Vet School Loan Repayments in Exchange for Serving in Areas Need Vet Care - Business Solutions for Equine Practitioners | EquiManagement

Vet School Loan Repayments in Exchange for Serving in Areas Need Vet Care

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The U.S. Department of Agriculture’s (USDA) National Institute of Food and Agriculture (NIFA) awarded more than $4.5 million to 51 American veterinarians to help repay a portion of their veterinary school loans in return for serving in areas lacking sufficient veterinary resources. The awards, made through the Veterinary Medicine Loan Repayment Program (VMLRP), will fill shortage needs in 22 states.

“Rural America is facing challenges in the veterinary service field. Veterinarians are choosing to work in locations that offer higher pay in order to pay off their high student loan debts, causing a shortage of veterinarians in rural areas,” said Sonny Ramaswamy, NIFA director. “This program offers loan-repayment assistance to veterinarians, allowing them to work in more rural areas and fill shortages. This ultimately improves the health of livestock and provides a healthy and safe food supply for America.”

Veterinarians are critical to America’s food safety and food security and to the health and well-being of both animals and humans. Studies indicate there are significant shortages of food animal veterinarians in certain areas of the country, and in high-priority specialty sectors that require advanced training, such as food safety, epidemiology, diagnostic medicine and public health. A leading cause for this shortage is the heavy cost of four years of professional veterinary medical training which leaves current graduates of veterinary colleges with an average debt burden of $134,470.

Recipients are required to commit to three years of veterinary service in a designated veterinary shortage area. Loan repayment benefits are limited to payments of the principal and interest on government and commercial loans received for attendance at an American Veterinary Medical Association-accredited college of veterinary medicine resulting in a Doctor of Veterinary Medicine degree or the equivalent. Loan repayments made by the VMLRP are taxable income to participants. Also included in the award is a federal tax payment equal to 39% of the loan payment to offset the increase in income tax liability.

This is the second year NIFA has made renewal awards through VMLRP. Previous awardees with educational debt surpassing $75,000, the maximum award amount, are eligible to apply for a renewal award. Renewal applications follow the same competitive review process as new applications, and submission of a renewal application does not necessarily mean the veterinarian will received continued VMLRP benefits.

In fiscal year 2014, NIFA received 163 applications and made 51 awards. Below is a breakdown of the fiscal year 2014 awards:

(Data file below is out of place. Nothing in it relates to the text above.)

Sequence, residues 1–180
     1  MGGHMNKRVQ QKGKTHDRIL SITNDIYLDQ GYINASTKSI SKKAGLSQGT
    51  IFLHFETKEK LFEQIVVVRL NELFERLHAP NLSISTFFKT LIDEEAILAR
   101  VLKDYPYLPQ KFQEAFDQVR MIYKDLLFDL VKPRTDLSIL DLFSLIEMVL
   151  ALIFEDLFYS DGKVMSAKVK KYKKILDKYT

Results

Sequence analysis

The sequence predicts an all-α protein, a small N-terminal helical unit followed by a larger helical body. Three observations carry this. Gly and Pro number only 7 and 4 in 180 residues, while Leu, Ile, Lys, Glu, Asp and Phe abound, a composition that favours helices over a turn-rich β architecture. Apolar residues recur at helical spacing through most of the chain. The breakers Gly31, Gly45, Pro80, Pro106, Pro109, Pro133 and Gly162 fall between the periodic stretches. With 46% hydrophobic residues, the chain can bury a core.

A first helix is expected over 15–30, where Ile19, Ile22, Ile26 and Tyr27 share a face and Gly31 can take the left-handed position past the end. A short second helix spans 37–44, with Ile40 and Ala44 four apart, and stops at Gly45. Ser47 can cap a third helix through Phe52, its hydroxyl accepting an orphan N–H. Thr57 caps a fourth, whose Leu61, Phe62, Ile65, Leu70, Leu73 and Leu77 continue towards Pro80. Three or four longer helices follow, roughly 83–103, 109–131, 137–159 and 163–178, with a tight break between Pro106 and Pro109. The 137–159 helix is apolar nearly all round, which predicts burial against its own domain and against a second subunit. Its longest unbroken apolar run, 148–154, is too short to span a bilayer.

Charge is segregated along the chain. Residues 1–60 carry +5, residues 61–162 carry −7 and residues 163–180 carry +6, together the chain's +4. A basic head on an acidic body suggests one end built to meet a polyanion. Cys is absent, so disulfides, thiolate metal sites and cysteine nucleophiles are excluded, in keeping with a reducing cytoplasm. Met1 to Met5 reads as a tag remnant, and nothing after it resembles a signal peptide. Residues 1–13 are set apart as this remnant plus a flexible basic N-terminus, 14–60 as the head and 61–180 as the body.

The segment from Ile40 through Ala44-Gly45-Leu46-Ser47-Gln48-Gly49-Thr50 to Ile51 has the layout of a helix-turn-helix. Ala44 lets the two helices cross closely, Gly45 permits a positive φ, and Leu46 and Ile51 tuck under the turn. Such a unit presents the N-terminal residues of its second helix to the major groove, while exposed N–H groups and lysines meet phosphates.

• 163 applications, 51 awards, success rate of 31.3 percent
    • NEW: 137 applications, 39 awards, success rate of 28.5 percent
    • RENEWAL: 26 applications, 12 awards, success rate of 46.2 percent
    • 51 awards totaling $4,568,621 (includes loan and tax payments)
      • 39 new awards totaling $3,824,355
      • 12 renewal awards totaling $744,268
      • Average award: $89,581 (includes loan and tax payments)
        • Average new award: $98,060
        • Average renewal award: $62,022
        • Average eligible debt for repayment on new awards: $134,470
        • 79 percent of new recipients (31 of 39) received the maximum payment of $25,000 per year (plus taxes)
        • 62 percent of new recipients (24 of 39) obtained their Doctor of Veterinary Medicine within the last three years

        A map is available online describing each shortage area filled in FY 2014.

        Participants are required to serve in one of three types of shortage situations. Awardees filling Type 1 shortages areas must dedicate at least 80% of their time to provision of food animal veterinary services. Type 2 shortages are rural areas in which awardees are obligated to provide food animal veterinary services at least 30% of their time. Type 3 shortage areas are dedicated to public practice and awardees must commit at least 49% of their time.

        • 22 states will fill at least one shortage area through a new VMLRP award
        • Shortage type breakdown (all awards)
          • Type I (at least 80% private practice):
            9 awards
          • Type II (at least 30% private practice):
            36 awards
          • Type III: (at least 49% public practice):
            6 awards

          The National Institutes of Health Division of Loan Repayment provided their expertise in service to NIFA during the applicant review process by reviewing loan documents submitted by the applicants.

          Through federal funding and leadership for research, education and extension programs, NIFA focuses on investing in science and solving critical issues impacting people's daily lives and the nation's future. For more information, visit www.nifa.usda.gov.

          USDA is an equal opportunity provider and employer. To file a complaint of discrimination, write to USDA, Assistant Secretary for Civil Rights, Office of the Assistant Secretary for Civil Rights, 1400 Independence Avenue, S.W., Stop 9410, Washington, DC 20250-9410, or call toll-free at 866-632-9992 (English) or 800-877-8339 (TDD) or 866-377-8642 (English Federal-relay) or 800-845-6136 (Spanish Federal-relay).